Since school let out I have been extremely lazy. I have a list of errands to do before I leave for Italy but I am soaking in the ability to have nothing pressing to do. It's a purposeful rest as the next few weeks before I leave are pretty packed.

This Sunday I am going to join my fellow DAR women to pass out flags on Michigan Avenue for Flag Day. I'm also joining my high school friends for our traditional blanket pass, which occurs whenever one of the women in our group have a baby (the last being in December).

The week after is a possible show to work in the middle of the week followed by 2 days working for the Eagles. Got to admit this show is going to be a tough one, as none of the band members speak to each other and will probably need a bunch of runners for them, in addition to the opening acts (hopefully I can work with Keith Urban's folks again as I did 2 years ago on the Kenny Chesney tour). Then its a few days rest before soaring off to the land of wine, cheese, sun and serious history. As our tour guide is bound to say, "This is not a vacation. This is a tour." There will be no rest for the weary until I get back to the States!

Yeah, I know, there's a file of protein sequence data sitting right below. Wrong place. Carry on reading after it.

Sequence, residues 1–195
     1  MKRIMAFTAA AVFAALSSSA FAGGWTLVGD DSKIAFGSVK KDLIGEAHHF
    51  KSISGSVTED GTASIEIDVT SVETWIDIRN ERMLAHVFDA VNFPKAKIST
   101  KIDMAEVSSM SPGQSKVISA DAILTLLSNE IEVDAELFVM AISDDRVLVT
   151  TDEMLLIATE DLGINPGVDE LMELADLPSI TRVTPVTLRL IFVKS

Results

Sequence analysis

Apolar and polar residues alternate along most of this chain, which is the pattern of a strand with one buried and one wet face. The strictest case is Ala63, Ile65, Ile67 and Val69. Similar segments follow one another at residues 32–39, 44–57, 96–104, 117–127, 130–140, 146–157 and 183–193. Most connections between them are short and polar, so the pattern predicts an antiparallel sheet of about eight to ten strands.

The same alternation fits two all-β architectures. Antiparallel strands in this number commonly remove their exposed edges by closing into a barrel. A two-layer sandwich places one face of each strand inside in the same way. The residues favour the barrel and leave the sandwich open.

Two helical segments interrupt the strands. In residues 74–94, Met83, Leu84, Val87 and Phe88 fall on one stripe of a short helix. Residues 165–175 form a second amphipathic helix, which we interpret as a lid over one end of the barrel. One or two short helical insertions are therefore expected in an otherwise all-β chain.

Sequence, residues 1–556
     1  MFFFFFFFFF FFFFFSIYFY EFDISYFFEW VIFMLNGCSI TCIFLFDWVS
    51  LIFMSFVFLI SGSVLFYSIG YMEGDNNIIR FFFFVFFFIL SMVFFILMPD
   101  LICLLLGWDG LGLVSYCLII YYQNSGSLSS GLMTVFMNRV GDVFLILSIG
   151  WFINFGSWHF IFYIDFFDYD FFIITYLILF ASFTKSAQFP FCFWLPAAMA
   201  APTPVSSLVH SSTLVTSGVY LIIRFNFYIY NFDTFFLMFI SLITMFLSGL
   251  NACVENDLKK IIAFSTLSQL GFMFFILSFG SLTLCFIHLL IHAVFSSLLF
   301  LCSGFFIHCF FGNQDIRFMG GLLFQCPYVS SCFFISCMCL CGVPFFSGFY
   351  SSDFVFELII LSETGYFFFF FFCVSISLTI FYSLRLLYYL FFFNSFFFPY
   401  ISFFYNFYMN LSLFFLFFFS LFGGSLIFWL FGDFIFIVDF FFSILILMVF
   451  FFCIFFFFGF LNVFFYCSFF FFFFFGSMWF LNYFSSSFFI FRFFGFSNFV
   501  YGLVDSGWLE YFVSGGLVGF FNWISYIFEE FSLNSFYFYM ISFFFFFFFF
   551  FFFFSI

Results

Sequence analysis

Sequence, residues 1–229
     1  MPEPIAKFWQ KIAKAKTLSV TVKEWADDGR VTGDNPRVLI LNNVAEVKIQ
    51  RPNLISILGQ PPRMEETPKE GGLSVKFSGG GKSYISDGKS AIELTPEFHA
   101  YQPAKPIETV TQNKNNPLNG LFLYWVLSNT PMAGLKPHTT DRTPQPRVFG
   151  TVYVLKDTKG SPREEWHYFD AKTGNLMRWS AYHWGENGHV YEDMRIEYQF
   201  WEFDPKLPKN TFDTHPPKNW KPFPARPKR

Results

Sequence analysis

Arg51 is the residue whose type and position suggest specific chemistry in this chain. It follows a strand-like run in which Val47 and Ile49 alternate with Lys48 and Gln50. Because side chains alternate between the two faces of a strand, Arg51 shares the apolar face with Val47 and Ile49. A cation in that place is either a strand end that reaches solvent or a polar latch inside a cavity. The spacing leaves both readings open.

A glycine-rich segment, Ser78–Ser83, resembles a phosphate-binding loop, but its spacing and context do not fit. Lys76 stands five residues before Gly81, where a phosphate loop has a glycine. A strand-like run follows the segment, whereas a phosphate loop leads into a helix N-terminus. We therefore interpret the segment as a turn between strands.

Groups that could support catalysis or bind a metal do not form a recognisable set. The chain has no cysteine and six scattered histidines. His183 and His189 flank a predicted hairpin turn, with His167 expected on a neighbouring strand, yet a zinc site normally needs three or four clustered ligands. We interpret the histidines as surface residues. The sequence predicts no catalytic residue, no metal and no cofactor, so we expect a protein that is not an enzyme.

Ciao per adesso. (Goodbye for now).


Wednesday, June 2, 2010

9th Annual Bike the Drive

Chicagoans are a blessed group, living in a city where the lakefront is lined with miles of recreational lanes, often crowed by bikers, marathon trainers, rollerbladers, walkers, pets and people crossing in bikini's who don't realize that serious athletes are about to run them over.

Yet in 2002 a new bike path was created, or rather, redesigned for a day. I am proud to say I was among the first to "take over" Lake Shore Drive on a bicycle amongst a large crowd of cyclists. And I've done it every single year since then in a variety of different weather conditions.

That first year was a bit tough. The route started at Buckingham Fountain and every rider was directed north towards Hollywood and then back south towards 57th Street. It was crowded and as memory serves, around 70 degrees. I biked with a contingent of 20somethings from Park Community Church. We had walkie talkies and although we got separated into a few groups, had a blast.